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What skills do you have.....

(45 Posts)
cozietoesie Wed 29-Jun-16 10:58:20 your family? Or are lacking and need to develop them?

It occurred to me a number of times, recently, that I may be the last person in my own family that has ever milked a cow by hand. The current youngsters would most likely spend a couple of days during any difficulty checking their mobiles for signal and would then start rushing around and faffing.

Compared to, for example, my great grandfather who could have kept on going in the event of most things - because he was actually more on top of his living, hard though it was.

Are you raising your own DCs to be able to do practical things?

DaughterDrowningInJunk Sun 03-Jul-16 20:58:37

I am raising mine to be pyromaniacs. Well that's not quite the intention but I am raising them to be able to start fires. I have bought them knives and they will fiddle with bits of stick with them. One of them is quite into gardening and growing vegetables but we don't have anywhere to do that any more.

I encourage them to think about stuff, like choosing the safest seat on transport and finding fire escape routes. They do stuff like very basic cooking or heating of food and if the SHTF they could do that on a fire all by themselves.

They know how to purify water with a tablet and not to do it in their metal bottles but I don't know how much of that has sunk in because they have never actually done it for real. I am not sure if I trust the tablets enough to us them on water that probably has a dead sheep in it upstream when it isn't an emergency! I am going to do some stuff like distilling water with them over the summer which is more of a science based activity.

Actual day to day skills that they would need for the rest of their lives, I don't know. Some of the stuff I did at their age they can't do because we just don't live in the sort of environment where they are exposed to that stuff.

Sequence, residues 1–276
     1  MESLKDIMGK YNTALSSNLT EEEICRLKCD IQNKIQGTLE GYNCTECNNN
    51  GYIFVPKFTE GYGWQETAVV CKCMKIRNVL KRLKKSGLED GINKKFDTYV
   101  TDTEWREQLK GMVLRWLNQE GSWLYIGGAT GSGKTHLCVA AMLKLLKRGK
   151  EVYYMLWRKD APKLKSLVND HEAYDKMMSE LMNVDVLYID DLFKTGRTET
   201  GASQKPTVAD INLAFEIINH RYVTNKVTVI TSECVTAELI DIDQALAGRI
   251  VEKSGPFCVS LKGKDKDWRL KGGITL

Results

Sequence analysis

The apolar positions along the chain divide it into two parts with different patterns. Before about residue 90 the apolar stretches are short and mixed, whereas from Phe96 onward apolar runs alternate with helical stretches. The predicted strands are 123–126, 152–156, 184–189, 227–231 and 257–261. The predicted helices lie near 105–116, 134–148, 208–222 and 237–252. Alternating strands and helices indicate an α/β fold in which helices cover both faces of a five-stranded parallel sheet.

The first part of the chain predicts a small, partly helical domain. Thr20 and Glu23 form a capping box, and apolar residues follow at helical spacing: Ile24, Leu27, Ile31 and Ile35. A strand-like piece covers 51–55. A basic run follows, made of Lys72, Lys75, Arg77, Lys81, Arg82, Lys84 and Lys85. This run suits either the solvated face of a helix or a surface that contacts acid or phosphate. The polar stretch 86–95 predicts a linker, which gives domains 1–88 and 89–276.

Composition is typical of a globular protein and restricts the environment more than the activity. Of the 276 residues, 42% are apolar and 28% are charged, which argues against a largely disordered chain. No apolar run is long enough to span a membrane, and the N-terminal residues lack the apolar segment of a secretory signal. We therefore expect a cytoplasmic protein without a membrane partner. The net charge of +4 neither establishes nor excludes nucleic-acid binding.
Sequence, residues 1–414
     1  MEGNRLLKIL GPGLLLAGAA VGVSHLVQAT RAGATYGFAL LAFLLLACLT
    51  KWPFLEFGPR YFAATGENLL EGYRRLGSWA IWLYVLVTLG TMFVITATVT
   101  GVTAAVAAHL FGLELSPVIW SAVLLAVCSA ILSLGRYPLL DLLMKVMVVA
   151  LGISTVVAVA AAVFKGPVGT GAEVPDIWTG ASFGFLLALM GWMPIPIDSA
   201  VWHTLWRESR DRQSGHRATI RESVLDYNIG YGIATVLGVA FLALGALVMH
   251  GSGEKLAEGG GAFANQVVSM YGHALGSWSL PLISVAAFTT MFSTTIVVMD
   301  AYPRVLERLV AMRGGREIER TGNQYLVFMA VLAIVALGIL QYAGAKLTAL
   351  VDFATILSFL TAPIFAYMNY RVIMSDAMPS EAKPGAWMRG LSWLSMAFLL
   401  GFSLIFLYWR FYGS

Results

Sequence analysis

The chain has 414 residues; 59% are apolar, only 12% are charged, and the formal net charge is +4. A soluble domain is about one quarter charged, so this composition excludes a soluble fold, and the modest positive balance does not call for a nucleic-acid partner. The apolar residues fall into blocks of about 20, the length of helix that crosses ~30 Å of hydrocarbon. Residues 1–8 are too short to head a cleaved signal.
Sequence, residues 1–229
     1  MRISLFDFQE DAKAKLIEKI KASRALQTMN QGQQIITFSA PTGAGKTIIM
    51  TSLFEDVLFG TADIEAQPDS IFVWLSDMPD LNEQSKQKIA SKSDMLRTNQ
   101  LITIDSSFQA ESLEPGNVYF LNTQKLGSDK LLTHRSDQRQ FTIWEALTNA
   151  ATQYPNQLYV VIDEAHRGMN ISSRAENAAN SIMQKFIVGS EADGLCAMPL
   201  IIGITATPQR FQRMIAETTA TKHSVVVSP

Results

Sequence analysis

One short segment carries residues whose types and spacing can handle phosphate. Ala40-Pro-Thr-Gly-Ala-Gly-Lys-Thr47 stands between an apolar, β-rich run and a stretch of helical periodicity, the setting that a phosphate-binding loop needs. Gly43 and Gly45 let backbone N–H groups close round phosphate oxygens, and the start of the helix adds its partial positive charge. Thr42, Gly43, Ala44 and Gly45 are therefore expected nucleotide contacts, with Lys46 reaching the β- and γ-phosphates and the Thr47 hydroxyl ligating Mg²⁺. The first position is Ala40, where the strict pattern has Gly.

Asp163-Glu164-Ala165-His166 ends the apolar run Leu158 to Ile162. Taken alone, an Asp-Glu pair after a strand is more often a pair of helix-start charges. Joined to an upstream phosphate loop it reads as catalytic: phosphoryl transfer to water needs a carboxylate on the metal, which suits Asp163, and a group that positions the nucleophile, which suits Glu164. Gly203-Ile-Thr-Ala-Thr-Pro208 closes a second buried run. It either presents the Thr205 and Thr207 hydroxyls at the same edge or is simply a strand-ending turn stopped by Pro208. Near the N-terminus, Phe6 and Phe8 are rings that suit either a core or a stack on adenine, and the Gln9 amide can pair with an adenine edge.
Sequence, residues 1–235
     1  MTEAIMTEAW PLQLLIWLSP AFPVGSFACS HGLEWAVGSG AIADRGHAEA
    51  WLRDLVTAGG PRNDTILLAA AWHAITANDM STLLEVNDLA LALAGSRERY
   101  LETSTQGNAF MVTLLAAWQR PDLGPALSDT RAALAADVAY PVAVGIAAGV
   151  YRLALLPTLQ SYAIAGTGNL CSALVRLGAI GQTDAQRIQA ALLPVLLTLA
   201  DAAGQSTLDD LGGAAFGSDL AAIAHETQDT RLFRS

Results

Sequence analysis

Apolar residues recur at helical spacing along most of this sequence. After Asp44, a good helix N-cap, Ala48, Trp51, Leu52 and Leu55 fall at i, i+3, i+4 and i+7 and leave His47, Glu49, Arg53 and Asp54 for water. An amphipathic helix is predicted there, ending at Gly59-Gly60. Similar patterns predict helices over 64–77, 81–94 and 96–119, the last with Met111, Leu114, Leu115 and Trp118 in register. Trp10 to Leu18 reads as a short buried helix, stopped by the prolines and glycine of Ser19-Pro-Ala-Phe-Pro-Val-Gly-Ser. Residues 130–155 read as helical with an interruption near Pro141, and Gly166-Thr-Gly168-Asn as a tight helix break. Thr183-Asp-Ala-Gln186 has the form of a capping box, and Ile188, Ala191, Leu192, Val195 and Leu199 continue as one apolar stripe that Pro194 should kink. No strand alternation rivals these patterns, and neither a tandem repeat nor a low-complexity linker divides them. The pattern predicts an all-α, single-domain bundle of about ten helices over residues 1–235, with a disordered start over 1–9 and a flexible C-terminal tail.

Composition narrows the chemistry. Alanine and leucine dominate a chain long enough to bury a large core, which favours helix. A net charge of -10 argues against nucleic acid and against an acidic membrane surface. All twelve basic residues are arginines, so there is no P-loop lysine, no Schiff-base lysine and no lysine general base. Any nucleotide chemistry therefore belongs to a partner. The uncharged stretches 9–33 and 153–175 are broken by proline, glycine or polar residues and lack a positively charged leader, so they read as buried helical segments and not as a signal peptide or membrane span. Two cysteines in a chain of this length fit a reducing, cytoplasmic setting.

DaughterDrowningInJunk Sun 03-Jul-16 21:05:10

Sorry, I think I may not have answered the question. The skills I have are mainly outdoors type skills that you would need if you got stuck on a mountain overnight, so my angle on preparedness is more of an extension on that. I do have basic horticultural and sewing skills but nothing fancy, just the very basics. I can shoot but I don't have a gun, so that's pretty useless.

The DC can maintain their own bikes far better than I can because they have been taught, whereas I just had to muddle through. They can also check oil, tyre pressures, screenwash etc on the car. I am not very good on car maintenance so that is all I have really been able to teach them.

I don't think I have a huge bank of knowledge that I can pass on to the DC. I think as a nation we are probably becoming less and less skilled in so many ways.

Springdew Sun 03-Jul-16 21:09:19

Strange question, my answer would sound like a cv, which I don't think you're interested in. Practical skills, no, absolutely none other than map reading.

Springdew Sun 03-Jul-16 21:10:48

Ah, just realized this is in preppers! As you were...ignore me grinblush

cozietoesie Sun 03-Jul-16 22:57:05

Map reading is actually a useful skill, Spring. smile Well being able to read and work out things from pieces of paper generally! (Our family youngsters have apps on their phones for navigating on foot in the city centre. They don't seem to know the names of the streets they're walking on even. As for using cars?............sad)

redhat Mon 04-Jul-16 17:32:58

This is one of the main flaws with most prepping plans. Most of us spend a lot of time reading about the skills we would need but not much time actually practising them.

I can filter water, start a fire, build a decent shelter. The rest of it is theoretical knowledge.

I am about to start a vegetable garden though (partly as a result of what is happening in the country and the fact that food prices are likely to be impacted).

cozietoesie Mon 04-Jul-16 17:47:37

Even theoretical knowledge - and knowing where to go to get it - is better than no knowledge at all, I think?